Labor said it would back Scott Morrison's full tax cuts package if their amendments to split the government's bill fail, as they are expected to.
This means the government, which needs the support of at least four crossbenchers or Labor to get legislation through the upper house, is in the box seat to get the full package through on Thursday.
In combination with the legislated removal of the 37 per cent tax bracket in 2024-25, the Government is delivering structural reform to the tax system by reducing the 32.5 cents in the dollar tax rate to 30 cents in the dollar.
"You've got to follow the play", he said on Friday.
The second, aimed at fighting "bracket creep", would raise the top limit of the 19 per cent tax bracket from $41,000 to $45,000 from 2022/23, while the low income offset would also be increased from $645 to $700.
"What we are doing is growing the economy", Frydenberg said.
The first round of cuts reduces the annual tax bill of 10 million Australians earning up AU$126,000 by up to AU$1,080 ($740) a year.
Labor Leader Anthony Albanese.
"The fact is the economy is flatlining at the moment".
"This is a critical first step to ensure the Australian economy can grow faster", Business Council of Australia chief executive Jennifer Westacott said of the tax package.
"That's why we were arguing to bring forward stage two". The only people who are threatening to block any tax cut were government ministers who were saying they would block a tax cut today because of something that they wanted to happen in 2025.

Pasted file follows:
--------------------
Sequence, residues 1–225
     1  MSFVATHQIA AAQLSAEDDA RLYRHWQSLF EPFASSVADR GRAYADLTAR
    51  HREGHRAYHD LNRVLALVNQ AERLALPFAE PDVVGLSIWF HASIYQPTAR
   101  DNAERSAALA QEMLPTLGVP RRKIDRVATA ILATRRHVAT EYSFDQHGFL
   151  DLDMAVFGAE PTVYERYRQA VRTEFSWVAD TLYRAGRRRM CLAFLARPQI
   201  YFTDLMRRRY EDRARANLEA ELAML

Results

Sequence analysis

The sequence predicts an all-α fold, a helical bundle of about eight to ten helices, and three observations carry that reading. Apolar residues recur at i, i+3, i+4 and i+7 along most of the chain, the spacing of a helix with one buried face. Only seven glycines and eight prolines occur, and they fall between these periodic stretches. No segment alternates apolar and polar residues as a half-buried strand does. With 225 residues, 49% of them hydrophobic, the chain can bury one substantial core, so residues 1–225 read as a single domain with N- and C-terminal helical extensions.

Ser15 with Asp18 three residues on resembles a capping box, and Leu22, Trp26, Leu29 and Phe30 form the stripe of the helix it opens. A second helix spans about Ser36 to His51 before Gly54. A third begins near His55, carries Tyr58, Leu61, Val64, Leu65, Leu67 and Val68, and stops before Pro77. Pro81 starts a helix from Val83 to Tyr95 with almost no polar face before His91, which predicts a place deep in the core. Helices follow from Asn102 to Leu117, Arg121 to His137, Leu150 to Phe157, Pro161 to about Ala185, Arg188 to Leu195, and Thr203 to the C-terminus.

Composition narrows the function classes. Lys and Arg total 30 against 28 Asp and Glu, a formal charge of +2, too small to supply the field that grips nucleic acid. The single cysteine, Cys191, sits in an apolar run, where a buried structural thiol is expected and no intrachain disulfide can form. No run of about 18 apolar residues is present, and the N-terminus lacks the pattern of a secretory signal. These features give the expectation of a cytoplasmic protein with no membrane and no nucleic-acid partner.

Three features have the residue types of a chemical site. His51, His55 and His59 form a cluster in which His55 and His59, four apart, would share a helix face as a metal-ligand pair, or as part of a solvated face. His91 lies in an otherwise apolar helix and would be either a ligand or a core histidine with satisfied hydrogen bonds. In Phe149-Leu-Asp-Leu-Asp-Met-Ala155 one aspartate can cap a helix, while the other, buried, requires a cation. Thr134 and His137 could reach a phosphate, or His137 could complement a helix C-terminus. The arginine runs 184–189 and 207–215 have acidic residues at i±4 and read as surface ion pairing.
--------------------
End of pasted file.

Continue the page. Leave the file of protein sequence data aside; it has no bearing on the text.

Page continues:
Senator Lambie lobbied for her state's $157 million public housing debt to be erased or renegotiated in return for her support.
"I need those kids and their families off the streets in warm houses", she told reporters, according to AAP.
Centre Alliance initially boasted about securing a deal which would lower gas prices, before being forced to admit the guarantee amounted to a "draft policy".
"We note that Labor, the Greens and much of the crossbench - including Senator Lambie and Centre Alliance, all expressed concern about the impact of the stage three tax cuts on the budget and essential services and warned that public spending should not be cut to pay for them".
Senator Cormann rejected suggestions of a "special deal" with the minor party.
"Supporting the tax cuts will reward Australian taxpayers and provide a stimulus to the economy that nearly all economists have called for, including the Reserve Bank Governor", the statement reads. The central bank wants the government to boost investment on infrastructure such as ports, road and rail to further stimulate economic growth.